Differential diagnosis includes odontogenic keratocyst, adenomatoid odontogenic tumor, calcifying epithelial odontogenic cyst, calcifying epithelial odontogenic tumour, and unicystic ameloblastoma. In addition to the histopathological and radiological alteration, researchers recently proved that the biochemical markers such as BMP-4 11 and immunohistochemical markers such as Bcl-2 and Bcl-xL can be used for differentiation of DC from odontogenic keratocyst and unicystic ameloblastomas 10. Finally, because of diverse disease entities, expansile lesions of the maxilla includes malignant tumors and benign conditions, including fibro-osseous diseases and mucoceles. The exact site of origin is very important for differential diagnosis, as a lesion of the antral region is likely to be a maxillary mucocele; for extra-antral maxillary cystic lesion, the probable diagnoses are fissural cysts, cystic tumors of maxilla, or cystic masses of dental origin 11.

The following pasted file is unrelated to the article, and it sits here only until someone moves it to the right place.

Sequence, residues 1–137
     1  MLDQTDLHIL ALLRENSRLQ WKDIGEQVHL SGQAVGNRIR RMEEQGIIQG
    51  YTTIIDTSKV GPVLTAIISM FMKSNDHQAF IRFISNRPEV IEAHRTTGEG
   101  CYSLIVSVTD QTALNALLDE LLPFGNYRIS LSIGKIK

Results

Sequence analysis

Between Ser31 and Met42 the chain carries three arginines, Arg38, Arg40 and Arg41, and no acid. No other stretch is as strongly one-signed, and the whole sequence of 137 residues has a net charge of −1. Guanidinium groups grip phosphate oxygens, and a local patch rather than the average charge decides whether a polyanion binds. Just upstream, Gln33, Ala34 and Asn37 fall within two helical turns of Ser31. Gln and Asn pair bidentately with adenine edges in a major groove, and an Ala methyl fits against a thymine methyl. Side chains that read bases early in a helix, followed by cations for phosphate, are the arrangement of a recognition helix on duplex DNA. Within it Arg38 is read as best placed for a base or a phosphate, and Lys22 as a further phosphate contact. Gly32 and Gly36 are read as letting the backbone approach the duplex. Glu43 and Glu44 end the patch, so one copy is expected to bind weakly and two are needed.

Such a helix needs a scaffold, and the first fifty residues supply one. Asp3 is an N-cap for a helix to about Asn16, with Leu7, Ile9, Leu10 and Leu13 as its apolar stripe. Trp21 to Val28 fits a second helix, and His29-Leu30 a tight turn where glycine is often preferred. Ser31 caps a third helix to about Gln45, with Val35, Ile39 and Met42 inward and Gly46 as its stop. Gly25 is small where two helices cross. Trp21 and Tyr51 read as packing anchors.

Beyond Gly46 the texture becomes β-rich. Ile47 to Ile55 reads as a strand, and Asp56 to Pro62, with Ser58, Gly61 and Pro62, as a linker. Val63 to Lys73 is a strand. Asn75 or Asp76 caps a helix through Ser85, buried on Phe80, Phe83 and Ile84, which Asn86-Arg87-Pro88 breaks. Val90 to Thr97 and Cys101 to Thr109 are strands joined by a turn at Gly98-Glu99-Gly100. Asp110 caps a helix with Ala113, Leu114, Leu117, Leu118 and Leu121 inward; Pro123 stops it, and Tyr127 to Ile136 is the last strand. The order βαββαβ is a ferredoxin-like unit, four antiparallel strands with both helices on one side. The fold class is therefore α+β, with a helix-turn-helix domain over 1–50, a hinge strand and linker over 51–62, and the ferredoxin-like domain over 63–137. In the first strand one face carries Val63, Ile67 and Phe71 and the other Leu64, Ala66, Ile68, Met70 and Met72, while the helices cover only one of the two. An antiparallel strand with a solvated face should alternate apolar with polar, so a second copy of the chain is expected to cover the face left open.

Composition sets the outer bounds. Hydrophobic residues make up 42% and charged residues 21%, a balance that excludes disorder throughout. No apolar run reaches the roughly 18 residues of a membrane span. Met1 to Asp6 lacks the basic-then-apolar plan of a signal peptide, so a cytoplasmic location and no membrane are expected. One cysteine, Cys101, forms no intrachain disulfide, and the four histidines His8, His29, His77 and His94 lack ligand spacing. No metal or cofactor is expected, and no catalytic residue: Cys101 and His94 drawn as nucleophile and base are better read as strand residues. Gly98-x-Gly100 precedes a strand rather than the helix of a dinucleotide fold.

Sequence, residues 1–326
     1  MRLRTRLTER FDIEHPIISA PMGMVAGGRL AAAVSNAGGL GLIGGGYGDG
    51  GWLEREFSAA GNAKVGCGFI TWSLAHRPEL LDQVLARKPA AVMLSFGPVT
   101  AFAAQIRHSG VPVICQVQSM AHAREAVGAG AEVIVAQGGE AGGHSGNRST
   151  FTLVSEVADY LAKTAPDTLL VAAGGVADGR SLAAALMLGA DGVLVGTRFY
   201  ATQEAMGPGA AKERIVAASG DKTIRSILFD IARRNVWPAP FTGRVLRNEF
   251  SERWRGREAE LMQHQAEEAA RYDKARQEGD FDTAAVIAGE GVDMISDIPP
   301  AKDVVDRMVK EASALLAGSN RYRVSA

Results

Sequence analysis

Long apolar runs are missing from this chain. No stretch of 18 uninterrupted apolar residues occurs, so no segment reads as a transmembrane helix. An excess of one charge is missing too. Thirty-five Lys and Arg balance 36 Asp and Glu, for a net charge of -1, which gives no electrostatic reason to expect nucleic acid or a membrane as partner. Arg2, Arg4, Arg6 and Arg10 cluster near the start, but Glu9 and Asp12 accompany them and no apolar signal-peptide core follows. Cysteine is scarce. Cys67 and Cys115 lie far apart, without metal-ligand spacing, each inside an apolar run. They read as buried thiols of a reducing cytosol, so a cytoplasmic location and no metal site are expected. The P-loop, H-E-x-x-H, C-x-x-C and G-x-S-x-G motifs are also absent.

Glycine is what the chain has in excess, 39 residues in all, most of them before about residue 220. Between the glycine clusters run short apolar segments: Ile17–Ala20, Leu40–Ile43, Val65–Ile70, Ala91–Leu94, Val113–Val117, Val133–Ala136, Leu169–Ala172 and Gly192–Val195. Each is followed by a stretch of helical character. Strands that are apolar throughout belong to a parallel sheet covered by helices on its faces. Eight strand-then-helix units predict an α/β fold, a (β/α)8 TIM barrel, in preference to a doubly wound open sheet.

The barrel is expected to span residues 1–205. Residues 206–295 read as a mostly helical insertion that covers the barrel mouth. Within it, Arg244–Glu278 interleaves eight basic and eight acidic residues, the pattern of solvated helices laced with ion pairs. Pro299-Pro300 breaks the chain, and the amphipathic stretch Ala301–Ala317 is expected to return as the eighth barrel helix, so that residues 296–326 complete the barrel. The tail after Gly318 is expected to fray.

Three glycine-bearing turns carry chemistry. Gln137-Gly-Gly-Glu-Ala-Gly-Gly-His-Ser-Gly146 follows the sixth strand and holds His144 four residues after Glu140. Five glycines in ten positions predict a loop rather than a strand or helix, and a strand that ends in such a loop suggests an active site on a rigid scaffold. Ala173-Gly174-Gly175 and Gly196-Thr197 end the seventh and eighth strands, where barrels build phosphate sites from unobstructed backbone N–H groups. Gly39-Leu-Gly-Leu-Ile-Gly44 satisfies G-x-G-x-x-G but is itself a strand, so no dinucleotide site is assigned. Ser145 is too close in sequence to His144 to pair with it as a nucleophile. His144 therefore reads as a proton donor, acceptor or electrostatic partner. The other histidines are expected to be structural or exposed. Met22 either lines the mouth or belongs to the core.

Since its introduction, the Caldwell–Luc procedure has become a standard approach for the management of antral disease, as well as an operative route to reach such sites as the pterygomaxillary space, orbit ethmoid labyrinth, and medial skull base. The advancement in endoscopic sinus surgery, however, has changed many indications for Caldwell–Luc procedure. However, in such conditions in which an aggressive, suppurative, lesion with a tooth is within the maxillary sinus, Caldwell–Luc procedure itself might prove beneficial.


Diverse disease entities may cause malignant and benign expansile masses in the maxilla. The CT may be helpful in defining the extent, especially in lesions with larger dimensions. Infected DC may show features of malignant tumors. The standard treatment for DC is enucleation and removal of the involved teeth. Marsupialization is suggested in the pediatric group, and thus was not attempted in this patient. If left untreated, other than the usual complications, it can undergo carcinomatous transformation such as epidermoid carcinoma.


Conflicts of interest

There are no conflicts of interest.